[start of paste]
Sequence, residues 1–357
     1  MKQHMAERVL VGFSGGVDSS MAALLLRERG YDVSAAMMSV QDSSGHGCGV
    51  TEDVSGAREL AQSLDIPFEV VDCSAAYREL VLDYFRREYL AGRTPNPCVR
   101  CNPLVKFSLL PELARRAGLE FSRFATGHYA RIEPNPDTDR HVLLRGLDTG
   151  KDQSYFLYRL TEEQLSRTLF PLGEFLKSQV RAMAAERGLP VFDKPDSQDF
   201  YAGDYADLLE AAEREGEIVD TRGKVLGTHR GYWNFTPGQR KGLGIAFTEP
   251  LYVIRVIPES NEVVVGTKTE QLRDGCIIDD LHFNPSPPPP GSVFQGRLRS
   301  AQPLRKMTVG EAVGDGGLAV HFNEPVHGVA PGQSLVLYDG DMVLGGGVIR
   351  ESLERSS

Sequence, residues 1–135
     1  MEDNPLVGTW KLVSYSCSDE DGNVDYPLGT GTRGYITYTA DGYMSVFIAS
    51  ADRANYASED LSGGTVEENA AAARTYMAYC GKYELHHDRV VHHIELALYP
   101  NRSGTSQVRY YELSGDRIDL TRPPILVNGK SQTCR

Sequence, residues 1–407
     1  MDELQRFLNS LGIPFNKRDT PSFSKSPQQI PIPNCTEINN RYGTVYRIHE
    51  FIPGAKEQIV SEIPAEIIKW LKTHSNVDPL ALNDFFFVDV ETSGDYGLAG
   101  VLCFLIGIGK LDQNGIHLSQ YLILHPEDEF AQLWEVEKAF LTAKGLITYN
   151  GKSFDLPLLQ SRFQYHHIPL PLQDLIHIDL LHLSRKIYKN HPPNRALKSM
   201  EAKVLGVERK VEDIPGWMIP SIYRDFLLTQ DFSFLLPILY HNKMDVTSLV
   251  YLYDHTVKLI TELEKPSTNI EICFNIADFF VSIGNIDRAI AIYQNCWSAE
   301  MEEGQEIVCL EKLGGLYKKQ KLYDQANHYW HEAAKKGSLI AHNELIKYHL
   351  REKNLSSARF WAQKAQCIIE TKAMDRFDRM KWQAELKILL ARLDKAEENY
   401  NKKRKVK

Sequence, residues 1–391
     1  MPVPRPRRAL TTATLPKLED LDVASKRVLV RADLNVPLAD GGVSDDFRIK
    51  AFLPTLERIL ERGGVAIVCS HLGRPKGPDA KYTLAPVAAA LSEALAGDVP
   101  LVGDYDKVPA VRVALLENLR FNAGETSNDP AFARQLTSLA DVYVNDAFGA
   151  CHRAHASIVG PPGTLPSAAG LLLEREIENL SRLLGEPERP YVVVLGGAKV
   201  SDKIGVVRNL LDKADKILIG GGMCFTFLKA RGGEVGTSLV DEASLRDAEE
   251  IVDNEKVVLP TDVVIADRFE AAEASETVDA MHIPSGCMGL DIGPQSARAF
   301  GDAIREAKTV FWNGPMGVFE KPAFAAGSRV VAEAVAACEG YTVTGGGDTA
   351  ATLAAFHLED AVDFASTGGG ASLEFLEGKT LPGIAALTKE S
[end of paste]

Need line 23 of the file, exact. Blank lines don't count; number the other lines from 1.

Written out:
   401  NKKRKVK